Hitting the road with your boss is a great opportunity to show them what a rock star employee you are – so it’s important to bring your A-game. The next time you head out on a business trip, keep these tips for traveling with your boss in your back pocket.
Be early and be prepared.
Make like a Girl Scout and always be prepared. Before you leave, clarify with your boss exactly what is expected of you on the trip. Once you’re there, have cash on you to pay tips or pick up the tab for dinner, and be ready to figure out local transportation on your own if need be. It’s likely that your company will have you covered in situations like these, but the last thing you want to do is assume and then find yourself in an embarrassing situation. Be a few minutes early for every appointment, flight, and event on the docket. Make sure your boss never has to wait for you when it’s time to catch a flight or meet in the hotel lobby to start the day.
Keep your “office face” on.
Casual moments on the road can feel miles away from the office, but that doesn’t mean you want to treat your boss like a vacation buddy. This doesn’t mean you can’t have fun, but know that your behavior is always making an impression. It’s pretty simple: don’t be a jerk, don’t get wasted (more on that in a minute), and don’t embarrass your boss.
Learn a bit about local customs in your destination.
Ideally this is something you do every time you travel, but it’s especially important on a work trip. Learn basic business etiquette and ways to show respect in the country you’re visiting, and make sure the way you interact with your boss in front of international contacts reflects those customs.
Watch how much you drink.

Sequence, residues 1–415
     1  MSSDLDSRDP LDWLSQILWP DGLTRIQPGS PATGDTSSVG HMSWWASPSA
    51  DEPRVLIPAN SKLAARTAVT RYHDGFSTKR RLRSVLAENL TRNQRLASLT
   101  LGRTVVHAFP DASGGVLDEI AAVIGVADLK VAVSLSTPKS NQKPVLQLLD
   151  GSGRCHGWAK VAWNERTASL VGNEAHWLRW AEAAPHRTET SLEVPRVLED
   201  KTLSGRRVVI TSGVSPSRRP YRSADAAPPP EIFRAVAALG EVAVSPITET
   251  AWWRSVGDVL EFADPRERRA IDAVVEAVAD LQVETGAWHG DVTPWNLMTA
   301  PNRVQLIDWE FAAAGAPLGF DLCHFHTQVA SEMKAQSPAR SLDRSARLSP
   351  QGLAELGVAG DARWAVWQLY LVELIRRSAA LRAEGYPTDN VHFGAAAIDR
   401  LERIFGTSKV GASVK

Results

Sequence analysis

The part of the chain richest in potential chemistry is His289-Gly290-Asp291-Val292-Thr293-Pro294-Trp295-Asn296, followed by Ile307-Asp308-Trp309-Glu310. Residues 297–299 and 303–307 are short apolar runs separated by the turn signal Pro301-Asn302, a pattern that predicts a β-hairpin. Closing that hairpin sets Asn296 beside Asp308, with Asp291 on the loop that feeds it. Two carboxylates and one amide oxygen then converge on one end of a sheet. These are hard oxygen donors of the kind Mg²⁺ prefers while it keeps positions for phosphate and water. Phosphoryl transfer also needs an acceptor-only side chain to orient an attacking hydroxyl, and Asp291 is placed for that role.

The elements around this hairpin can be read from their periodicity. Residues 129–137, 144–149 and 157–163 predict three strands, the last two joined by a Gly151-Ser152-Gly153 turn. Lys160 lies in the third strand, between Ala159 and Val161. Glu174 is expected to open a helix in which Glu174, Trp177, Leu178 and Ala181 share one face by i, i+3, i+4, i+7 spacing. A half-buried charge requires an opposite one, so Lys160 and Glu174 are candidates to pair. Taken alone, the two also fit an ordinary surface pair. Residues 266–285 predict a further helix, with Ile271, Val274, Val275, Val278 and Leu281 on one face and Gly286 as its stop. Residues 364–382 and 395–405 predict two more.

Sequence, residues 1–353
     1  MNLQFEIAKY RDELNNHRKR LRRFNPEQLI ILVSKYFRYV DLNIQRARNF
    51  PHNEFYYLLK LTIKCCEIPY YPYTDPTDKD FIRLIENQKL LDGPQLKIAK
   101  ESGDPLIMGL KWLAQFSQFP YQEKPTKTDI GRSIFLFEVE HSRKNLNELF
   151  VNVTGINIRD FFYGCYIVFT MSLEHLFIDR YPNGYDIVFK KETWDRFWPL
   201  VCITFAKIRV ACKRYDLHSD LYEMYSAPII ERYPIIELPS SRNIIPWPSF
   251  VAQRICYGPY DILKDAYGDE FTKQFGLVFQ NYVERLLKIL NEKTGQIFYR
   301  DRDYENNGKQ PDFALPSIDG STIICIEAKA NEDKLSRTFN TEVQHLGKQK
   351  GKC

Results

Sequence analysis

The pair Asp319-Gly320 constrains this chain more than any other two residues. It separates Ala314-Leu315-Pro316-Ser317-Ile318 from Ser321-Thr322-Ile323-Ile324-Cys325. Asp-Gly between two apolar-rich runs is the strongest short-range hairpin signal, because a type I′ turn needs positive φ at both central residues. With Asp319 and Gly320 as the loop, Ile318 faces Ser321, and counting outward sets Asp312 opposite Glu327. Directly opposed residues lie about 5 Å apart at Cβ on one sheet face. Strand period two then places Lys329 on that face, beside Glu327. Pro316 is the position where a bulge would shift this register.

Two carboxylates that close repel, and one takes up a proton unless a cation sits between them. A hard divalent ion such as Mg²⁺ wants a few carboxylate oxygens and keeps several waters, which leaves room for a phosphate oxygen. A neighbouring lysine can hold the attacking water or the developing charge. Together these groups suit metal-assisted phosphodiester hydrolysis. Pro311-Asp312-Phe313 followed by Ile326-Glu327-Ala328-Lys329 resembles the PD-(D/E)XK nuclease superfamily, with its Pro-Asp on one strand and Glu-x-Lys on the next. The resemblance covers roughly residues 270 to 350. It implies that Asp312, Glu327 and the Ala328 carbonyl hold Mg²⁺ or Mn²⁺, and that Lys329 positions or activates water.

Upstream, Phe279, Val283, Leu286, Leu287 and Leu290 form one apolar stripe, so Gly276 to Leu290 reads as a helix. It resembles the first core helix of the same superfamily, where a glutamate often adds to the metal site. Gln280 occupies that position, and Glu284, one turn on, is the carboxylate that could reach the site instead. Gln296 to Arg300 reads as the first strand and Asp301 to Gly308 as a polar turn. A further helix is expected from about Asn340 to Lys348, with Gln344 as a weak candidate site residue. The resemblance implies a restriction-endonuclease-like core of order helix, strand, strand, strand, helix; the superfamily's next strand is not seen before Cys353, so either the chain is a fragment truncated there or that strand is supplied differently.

Okay, back to the drinking. In our unscientific estimation, the majority of business trip blunders happen when people accidentally get smashed. (Hey, it happens to the best of us.) Obviously, alcohol is often a big part of networking and building rapport. If your boss orders a drink, it’s generally fine for you to do the same – but the key is to know your limits, and to avoid touching them even with a ten-foot pole.
Try to catch yourself if you’re going through more drinks than usual to keep up with the pace of your boss or colleagues. The last thing you want is to get drunk, make a series of snide comments about your boss’s leadership capabilities that seem cleverly subtle to you in the moment, and wake up the next day to an early morning termination meeting. (Seriously, we have seen this happen!)
Let your boss set the tone.
Follow their lead on how casual – or not – your habits on the road are going to be. If your boss is intently focused on their laptop your whole flight, follow suit. The same goes for conversations. If your boss shares a bit about their life outside of work, feel free to do the same. Just make sure to avoid spilling your guts or gossiping about your coworkers. (But you already know not to do that one, right?)
Use your travel experience to make an impression.
As every traveler knows, the fastest way to see a person’s true colors is to be with them when something goes wrong on a trip. As a frequent flier, you have an advantage in impressing your boss, because you’re used to rolling with the punches when hiccups arise on the road. Not everyone in the workplace can say the same, so let this part of you shine.
When hurdles come up, keep a cool head and offer calm solutions. Be adaptable, and keep your team’s attitude positive when delays put a wrench in your plans. If you can show that you take crises in stride, you’ll be more indispensable to your boss than even their morning double espresso shot.
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